Dear Racism, I am my Grandmother Azie Lee.  (In Response to BS "Dear Racism, I am not my grandparents. Sincerely, These Hands." t-shirts)

by Rachael Edwards

There is a T-shirt image that is floating around the interwebs. The t-shirt reads, “Dear Racism, I am not my grandparents. Sincerely, These hands”. The first time I came across this image was in the hub of where most of our internet content derives from, Tumblr. I remember reading the shirt because I had seen similar ones before like “Nah.” - Rosa Parks.  I didn’t have a problem with the Rosa Parks one, I thought it was a fresh take of imagining what youth would say if presented with that scenario today.  However, this t-shirt rubs me the wrong way, and for a number of reasons.


To begin with, my generation has to understand that we did not create resistance. The movement that is happening now, whether you call it Black Lives Matter, Black Liberation, or whatever echoes liberation movements before this. To be specific, Civil Rights Movement, Black Panther Movement etc. We are not the first ones to boldly challenge racism.  Particularly this  t-shirt gives way to false assumptions that our black grandparents, our great grandparents, and ancestors were docile. Um. Can you see why this is problematic? That is an unfair assessment also considering there is no historical backing that supports the claim that our grandparents were docile.

My Grandmother,

Azie Lee Oglesby

was born in the 20’s. Her parents were sharecroppers in North Carolina and she had a ton of siblings. When my siblings and I were younger, we used to go over to her home on the weekends, she would tell us stories of how overt racism was when she was younger. One time she told us about when two white girls were teasing and picking with Azie Lee’s younger sister.

Azie Lee never played.

She fought the two white girls and I remember her telling us that her parents scolded her because of the fear of being lynched  or that the house would be burned down. Fortunately enough, that did not happen.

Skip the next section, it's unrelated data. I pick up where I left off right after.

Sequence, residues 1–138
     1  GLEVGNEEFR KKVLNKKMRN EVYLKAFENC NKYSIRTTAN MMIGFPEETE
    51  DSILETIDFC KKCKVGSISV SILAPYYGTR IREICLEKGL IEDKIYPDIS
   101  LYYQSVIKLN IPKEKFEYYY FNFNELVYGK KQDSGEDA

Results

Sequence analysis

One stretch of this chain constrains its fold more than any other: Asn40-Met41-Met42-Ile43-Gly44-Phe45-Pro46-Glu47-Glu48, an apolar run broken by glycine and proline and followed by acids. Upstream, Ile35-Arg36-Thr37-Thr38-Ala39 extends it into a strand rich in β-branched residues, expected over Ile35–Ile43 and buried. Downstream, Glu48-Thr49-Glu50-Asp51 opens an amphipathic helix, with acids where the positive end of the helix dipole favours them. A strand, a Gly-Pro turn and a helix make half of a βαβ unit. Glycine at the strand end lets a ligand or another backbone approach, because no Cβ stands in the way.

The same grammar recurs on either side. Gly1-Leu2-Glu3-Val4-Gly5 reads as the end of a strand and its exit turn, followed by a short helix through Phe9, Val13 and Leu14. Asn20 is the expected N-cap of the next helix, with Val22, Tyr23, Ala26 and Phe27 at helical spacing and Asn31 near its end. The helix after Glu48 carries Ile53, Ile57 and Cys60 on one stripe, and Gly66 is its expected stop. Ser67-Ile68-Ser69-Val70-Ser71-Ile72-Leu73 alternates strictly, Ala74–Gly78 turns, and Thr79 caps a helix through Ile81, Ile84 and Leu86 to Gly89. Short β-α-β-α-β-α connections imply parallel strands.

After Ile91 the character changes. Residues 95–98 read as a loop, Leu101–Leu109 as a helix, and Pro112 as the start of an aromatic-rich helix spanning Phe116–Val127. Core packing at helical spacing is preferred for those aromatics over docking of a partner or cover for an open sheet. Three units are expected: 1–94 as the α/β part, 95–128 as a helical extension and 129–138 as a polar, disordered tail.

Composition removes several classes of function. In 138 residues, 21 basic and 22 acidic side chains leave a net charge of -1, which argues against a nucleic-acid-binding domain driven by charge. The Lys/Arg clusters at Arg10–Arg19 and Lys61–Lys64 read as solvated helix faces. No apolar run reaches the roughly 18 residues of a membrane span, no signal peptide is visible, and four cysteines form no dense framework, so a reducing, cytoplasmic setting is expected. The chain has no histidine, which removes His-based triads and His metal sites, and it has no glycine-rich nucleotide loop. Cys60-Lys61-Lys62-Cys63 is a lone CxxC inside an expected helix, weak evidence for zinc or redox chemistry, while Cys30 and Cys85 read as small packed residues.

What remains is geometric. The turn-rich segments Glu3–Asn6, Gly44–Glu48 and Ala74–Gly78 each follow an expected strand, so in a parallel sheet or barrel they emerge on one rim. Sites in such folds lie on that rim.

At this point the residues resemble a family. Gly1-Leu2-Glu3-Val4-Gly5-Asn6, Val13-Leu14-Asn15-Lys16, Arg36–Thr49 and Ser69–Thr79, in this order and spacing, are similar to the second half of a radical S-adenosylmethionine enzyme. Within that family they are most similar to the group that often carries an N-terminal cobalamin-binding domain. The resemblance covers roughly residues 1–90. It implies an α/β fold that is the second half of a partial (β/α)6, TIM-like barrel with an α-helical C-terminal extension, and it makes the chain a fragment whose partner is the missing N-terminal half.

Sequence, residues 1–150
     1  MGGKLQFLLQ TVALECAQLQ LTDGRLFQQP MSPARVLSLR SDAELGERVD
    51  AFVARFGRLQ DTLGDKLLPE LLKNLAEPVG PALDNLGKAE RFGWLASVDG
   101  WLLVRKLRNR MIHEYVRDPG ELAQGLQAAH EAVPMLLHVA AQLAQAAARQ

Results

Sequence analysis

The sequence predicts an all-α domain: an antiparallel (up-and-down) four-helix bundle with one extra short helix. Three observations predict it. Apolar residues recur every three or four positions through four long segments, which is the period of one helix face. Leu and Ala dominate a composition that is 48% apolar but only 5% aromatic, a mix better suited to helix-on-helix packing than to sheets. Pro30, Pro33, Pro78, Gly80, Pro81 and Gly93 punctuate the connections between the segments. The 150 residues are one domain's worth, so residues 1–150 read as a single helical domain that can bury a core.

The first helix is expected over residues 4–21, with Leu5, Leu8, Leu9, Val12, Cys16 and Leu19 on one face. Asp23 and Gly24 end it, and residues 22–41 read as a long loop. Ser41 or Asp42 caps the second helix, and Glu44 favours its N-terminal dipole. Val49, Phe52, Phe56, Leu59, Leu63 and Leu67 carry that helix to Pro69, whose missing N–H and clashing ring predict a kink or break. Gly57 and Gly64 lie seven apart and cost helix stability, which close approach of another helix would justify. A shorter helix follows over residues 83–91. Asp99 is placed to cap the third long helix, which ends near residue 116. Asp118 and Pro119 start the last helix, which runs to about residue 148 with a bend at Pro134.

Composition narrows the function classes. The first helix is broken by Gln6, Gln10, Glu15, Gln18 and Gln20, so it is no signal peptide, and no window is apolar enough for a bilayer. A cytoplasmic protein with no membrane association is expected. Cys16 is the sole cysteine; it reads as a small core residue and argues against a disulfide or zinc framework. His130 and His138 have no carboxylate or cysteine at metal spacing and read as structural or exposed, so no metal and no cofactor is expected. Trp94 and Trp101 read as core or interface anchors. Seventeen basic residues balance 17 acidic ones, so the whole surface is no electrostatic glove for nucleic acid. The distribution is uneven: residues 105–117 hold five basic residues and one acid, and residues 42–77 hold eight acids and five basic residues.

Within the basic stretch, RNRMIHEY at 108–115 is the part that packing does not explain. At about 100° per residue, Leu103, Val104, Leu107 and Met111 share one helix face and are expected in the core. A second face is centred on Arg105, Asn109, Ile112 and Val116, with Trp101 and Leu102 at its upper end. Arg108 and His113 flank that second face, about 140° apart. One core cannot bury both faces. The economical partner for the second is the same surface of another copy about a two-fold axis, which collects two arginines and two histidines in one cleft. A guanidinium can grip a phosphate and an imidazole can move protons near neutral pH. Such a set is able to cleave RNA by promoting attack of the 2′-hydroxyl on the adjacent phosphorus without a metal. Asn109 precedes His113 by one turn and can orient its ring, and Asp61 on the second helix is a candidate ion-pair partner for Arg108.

My father once told me a story about when race riots were happening in Baltimore in 1968  that my Grandma Azie would go into these spaces with machetes in her trench jacket. She ain’t never played with white folks. She was not docile. She was not meek. She didn’t toy with racism.

Another reason why these t-shirts are problematic is that the creators and the wearers of them are dishonoring those who came and fought before us. Our ancestors went through back breaking chattel slavery, just to be freed and tossed into the throes sharecropping, Jim Crow, Segregation, crack epidemic, and mass incarceration. They fought. Some of them are still fighting. How dare we assume they were docile?

Were the four little girls who died in the Birmingham church bombing in 1963 docile? Was Emmett Till docile? Was MLK? Malcolm? Assata? Angela? The list can go on forever.

We, as a people are already doused in miseducation of our history, let’s not put more fuel to the fire with this dishonoring rhetoric. Our grandparents and ones before them fought like hell and many died for it.

Don’t let me catch you on these streets with that shirt on.

Signed,

These Hands.